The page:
The sooner the Shitdom collapses, the better for the rest of the world.

Scooby Dooby Doo's picture

Bedouin cultures are known as the ultimate democracies. Consensus appoints the leaders.

SgtShaftoe's picture

Nuke it from orbit.  It's the only way to be sure. 

But first, make sure the Bush family is all assembled in Ryhad with Cheney strapped head first into a camel's ass. 


ali-ali-al-qomfri's picture

what did the poor camel do to deserve that??

fleur de lis's picture

Agreed. Poor camel has no say at all. Since time immemorial they have safely carried travellers across hostile terrain and this is the thanks she gets. 

SilverDOG's picture




Cheney camel sphincter suffocated, anywhere will suffice.

Catullus's picture

So how long before their finally armed military turns the guns around and overthrows the House of Saud? Their military isn't armed in their own country. They're terrified of their own people.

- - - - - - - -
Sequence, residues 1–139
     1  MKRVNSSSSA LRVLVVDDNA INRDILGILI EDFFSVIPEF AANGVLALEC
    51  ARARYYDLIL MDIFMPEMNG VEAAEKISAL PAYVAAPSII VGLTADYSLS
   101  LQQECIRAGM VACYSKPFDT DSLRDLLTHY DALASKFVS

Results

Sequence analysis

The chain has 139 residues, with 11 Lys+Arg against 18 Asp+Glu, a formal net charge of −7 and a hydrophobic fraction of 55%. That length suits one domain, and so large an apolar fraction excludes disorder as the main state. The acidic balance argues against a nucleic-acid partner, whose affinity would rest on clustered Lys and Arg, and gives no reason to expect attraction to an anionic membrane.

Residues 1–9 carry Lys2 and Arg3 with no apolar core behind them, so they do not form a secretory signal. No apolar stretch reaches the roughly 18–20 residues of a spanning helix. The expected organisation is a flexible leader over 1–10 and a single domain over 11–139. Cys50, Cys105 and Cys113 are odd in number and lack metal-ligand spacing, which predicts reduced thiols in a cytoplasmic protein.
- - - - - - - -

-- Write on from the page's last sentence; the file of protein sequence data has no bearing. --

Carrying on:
Nexus789's picture

Need a colour revolution.

ToSoft4Truth's picture

Right after Texas leaves the Union? 

CHoward's picture

Hmmmmm - aren't coups usually done quietly and behind closed doors? 

Wahooo's picture

The Persians and Putin must be licking their chops. They've played their hands well and deserve the Saudi oil fields.

Freddie's picture

Somehow I think Iran and the Saudis made a deal with China that China can have Saudi Arabia.

The USA is so stupid and corrupt.  At least the USA has shale and lots of nat gas.

The Z-Scum in the Z-State department treat all people around the world as subhuman.

Unless they spew the most virulent forms of Islam and in that case they get free tickets to Maine, Minnestoa, Colorado and other places where the Soros Red Shield Z-State Dept dumps Somalis and other vermin.

38BWD22's picture



They'll let in Muslim extremists, but not Christians.

Explain that to the neighbors of Somalistan in Minnesota.  Well, MN, ME and CO did vote for Obama, so maybe they're now even...

847328_3527's picture

Should become interesting when Barry flies in another ten to twenty thousand ... for starters. Then the various fighting Moslim factions can continue their tribal disputes here and duke it out here in Merika.


I wonder what names they'll give their gangs? Camel Jocks v the Ragheads, for example?

38BWD22's picture



Too bad I can't name their gangs for them.........

SWRichmond's picture

This certainly sheds some light on the Syria pipeline thing, doesn't it?